It all started on one of the r-e-a-l-l-y cold days we had this winter in the middle of a string of cold days when I spied a recipe for a farro, kale and butternut squash soup on the online food magazine Relish (relish.com).
It wasn't the recipe that caught my eye as much as the deliciously colorful picture that looked wonderful in contrast to the white and gray snow that had surrounded me for weeks and weeks. Yet another glance at the ingredient list and I almost turned the page without second thought. Here's why.
When I shared my Fat Free Chocolate Cake on "Good Morning America" back in 1994 Joan Lunden and Spencer Christian raved about it. Plain, fat-free yogurt stepped in as the chocolate cake's unique fat-fighting ingredient.
As years went by, I discovered drained, unsweetened applesauce worked magically as a fat substitute and made better chocolate cakes and desserts, like my Decadent Dark Chocolate Bundt Cake or Double Chocolate Chip Fudge Brownies. I left fat-free yogurt back in the '90s and continued to explore ways to make chocolate work in a lean diet plan.
Years ago I stumbled across persimmons in an Asian market. I picked up a soft, almost spongy fruit but put it back dismissing it as overripe. That was an error in judgment; I didn't know any better.
Even if I had brought it home, what would I have done with it? If I cut it open would it look like a pomegranate with wall-to-wall seeds, or an avocado with a huge pit. Should I crunch into it like an apple or peel it like an orange? Out of the thousands of recipes I'd collected over the years I didn't have a single persimmon recipe.
This month many of us swore off fat and calories and signed onto salads.
For many of my "less-than-lean" years a wide wedge of iceberg lettuce drenched with Thousand Island dressing was a favorite salad. Later, I learned that a 2-tablespoon serving of that dressing delivered 111 calories and 10.5 fat grams.
Ten years ago there was a paradigm shift that affected millions of hearts, but first, a very short story.
In the late 1990s, I stood at a checkered tablecloth covered table in front of a store in Northgate Mall that was selling my cookbooks and offered tasting samples from those books. A normal-sized, healthy looking young man walked up to me, asked for a small brownie sample and then questioned me closely about the fat content in my recipes. Overcome by curiosity, since more women than men buy my books, I asked him if he cooked.
Before Christmas and uncertain that Santa knew exactly what I wanted; I gave myself a gift: a new bundt pan to replace my 20-year-old pan that was too thin, too dark, scratched-up and barely nonstick any more.
Holidays, food and families have interwoven themselves, like braids on a loaf of challah or strands of colored beads on a Christmas tree, since time now forgotten. That continues to be true for me.
When I was a kid, this season’s parade of holidays always stepped-off with Thanksgiving and since my folks couldn’t decide whether we should be with Mom’s or Dad’s family, we settled on -- both. This didn’t happen just once, but for many years. If you ever wondered how I got to be over 300 pounds, knowing just that bit of holiday history should be enlightening.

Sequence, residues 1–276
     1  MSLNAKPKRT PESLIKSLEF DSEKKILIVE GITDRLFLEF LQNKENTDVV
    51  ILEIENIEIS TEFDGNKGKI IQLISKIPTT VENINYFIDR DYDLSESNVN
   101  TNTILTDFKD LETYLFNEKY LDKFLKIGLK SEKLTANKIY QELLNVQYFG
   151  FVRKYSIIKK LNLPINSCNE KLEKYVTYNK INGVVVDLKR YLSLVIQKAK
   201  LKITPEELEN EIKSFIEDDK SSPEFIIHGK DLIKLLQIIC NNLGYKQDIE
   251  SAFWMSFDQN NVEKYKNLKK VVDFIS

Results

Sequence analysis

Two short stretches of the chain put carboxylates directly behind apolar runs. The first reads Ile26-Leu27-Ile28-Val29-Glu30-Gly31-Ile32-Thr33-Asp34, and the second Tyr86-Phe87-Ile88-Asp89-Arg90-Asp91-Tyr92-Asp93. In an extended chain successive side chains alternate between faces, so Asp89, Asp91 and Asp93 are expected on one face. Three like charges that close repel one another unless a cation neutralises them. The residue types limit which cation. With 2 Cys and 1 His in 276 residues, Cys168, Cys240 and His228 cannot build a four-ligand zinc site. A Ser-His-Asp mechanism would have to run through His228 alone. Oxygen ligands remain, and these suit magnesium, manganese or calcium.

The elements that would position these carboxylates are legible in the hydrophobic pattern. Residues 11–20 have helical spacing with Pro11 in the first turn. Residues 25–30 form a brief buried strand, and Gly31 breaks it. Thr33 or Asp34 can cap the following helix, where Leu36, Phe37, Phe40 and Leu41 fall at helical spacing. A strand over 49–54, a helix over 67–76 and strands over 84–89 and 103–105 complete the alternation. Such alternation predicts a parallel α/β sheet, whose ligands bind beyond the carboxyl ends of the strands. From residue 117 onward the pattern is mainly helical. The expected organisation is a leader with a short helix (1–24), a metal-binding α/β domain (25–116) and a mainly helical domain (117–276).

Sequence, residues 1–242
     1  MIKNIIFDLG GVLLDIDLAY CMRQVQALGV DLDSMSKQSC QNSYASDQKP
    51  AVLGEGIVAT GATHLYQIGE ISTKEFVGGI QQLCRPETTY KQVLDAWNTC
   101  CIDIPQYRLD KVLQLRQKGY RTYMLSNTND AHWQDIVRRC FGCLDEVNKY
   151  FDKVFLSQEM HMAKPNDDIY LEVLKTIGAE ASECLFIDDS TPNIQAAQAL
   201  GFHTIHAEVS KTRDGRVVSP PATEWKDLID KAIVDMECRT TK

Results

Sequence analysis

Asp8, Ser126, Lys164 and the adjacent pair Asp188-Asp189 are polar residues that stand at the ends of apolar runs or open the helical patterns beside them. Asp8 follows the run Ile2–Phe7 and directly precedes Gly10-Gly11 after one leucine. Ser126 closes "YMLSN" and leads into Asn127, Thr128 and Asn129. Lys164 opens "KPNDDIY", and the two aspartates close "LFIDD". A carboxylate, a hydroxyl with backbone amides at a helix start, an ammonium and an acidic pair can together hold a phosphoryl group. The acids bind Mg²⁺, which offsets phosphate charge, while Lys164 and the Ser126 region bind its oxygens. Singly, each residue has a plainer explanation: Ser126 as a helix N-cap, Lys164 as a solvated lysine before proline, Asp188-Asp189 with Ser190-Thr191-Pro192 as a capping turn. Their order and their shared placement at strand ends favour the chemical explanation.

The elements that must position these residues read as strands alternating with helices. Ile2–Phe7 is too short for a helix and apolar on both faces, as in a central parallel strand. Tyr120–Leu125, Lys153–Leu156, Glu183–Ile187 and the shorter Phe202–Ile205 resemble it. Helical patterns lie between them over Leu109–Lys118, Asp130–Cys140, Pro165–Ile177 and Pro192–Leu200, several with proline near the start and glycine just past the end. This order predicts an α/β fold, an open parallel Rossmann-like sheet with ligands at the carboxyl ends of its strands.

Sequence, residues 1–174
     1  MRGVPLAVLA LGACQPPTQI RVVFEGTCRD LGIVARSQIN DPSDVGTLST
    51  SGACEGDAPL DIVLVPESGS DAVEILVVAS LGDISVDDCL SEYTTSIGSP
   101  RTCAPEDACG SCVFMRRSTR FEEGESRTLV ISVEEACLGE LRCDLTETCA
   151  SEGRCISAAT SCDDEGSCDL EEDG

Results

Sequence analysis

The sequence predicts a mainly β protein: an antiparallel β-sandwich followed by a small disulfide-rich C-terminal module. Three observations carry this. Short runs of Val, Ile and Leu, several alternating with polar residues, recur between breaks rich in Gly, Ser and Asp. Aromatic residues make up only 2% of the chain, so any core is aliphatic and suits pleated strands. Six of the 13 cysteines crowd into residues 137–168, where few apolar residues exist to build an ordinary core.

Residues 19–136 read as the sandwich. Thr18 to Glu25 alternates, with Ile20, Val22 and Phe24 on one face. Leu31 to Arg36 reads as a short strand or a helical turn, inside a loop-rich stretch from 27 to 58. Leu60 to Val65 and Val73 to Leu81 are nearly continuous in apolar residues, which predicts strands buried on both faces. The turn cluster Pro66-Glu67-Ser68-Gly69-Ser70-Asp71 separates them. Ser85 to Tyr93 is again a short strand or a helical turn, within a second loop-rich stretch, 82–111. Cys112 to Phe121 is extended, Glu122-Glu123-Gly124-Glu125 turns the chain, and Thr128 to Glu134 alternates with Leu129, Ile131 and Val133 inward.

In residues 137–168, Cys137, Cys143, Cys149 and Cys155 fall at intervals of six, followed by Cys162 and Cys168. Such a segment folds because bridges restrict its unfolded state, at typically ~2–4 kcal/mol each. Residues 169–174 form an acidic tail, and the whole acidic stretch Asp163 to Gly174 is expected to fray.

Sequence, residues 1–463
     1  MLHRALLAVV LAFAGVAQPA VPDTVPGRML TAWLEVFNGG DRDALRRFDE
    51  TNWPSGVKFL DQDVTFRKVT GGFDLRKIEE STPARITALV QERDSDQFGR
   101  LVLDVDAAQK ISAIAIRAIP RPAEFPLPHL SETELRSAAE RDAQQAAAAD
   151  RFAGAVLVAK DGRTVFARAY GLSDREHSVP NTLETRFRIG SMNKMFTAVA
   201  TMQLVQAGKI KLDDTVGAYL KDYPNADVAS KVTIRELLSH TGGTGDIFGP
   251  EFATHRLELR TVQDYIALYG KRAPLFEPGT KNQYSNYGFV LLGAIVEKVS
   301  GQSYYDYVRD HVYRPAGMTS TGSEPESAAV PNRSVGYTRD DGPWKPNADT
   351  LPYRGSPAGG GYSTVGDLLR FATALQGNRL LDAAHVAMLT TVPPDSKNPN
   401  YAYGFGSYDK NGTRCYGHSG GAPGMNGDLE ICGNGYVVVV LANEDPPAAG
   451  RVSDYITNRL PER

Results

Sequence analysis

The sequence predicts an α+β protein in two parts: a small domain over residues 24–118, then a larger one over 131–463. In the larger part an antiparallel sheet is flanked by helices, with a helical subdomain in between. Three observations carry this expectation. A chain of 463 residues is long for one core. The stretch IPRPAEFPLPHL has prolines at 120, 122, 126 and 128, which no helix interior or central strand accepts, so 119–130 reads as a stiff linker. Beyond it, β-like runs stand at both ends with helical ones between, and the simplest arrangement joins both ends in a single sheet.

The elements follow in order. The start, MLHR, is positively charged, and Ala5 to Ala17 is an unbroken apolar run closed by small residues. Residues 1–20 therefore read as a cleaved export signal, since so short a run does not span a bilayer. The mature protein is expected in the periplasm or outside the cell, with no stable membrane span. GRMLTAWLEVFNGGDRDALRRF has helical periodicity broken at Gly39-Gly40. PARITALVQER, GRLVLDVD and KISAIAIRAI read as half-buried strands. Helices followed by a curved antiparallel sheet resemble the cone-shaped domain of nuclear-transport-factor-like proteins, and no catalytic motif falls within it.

How times have changed.
In 1990, Thanksgiving made me uneasy.
Not about getting together with my family. No. That year I'd lost more than 100 pounds for the first time and in my family, Thanksgiving dinner triggered the start of a food-centric race running for the next six weeks. T-Day 1990 marked the single toughest meal I'd faced that year.
If controversy and confusion caused weight loss, anyone considering intermittent fasting (sometimes referred to as IF) would lose weight just by reading about it.
Intermittent fasting is this year's most popular no-calorie-counting, no-fat-gram-counting, fast-track to weight loss diet. When I wrote about David Zinczenko's "The 8-Hour Diet" book earlier this year I had no clue how widespread the IF trend was about to become. Head over to Amazon.com and you'll quickly find more than 100 books on the topic, each one slightly different; many with glaring similarities.
By far the most popular vegetable in America is ... the spud, yup the good ol’ potato. However, when it comes to per capita potato consumption, American’s turn out to be laggards, since Poles consume more than twice as much. Peru, potatoes’ first home, equals our potato consumption, while Indonesians consume an infinitesimal amount.
A friend recently described, in loving detail, a tangy-sweet broccoli salad with raisins, nuts and bacon and expressed disappointment that the salad couldn't be purchased by the pint. His reverent praise drove me to my not-exactly-organized recipe piles to see if I could find something that matched his mouth-watering description.
Darya Pino Rose likes creating new words like "foodist" and "healthstyle," and loves to eat and write about food — healthy, real food. Rose also makes lists; lots of 'em (more about that later).
Some folks love it; others can't stand it.
What is it?
By the numbers, few folks like lamb, let alone love it, and over the past 40 years we've come to like it even less.
Most medical and nutritional professionals agree: ultra-high protein, low-carbohydrate, high fat weight loss plans not only aren’t healthy, but sometimes trigger health problems.
Weight loss is rarely an easy journey and celebrity chef Art Smith knows that first hand.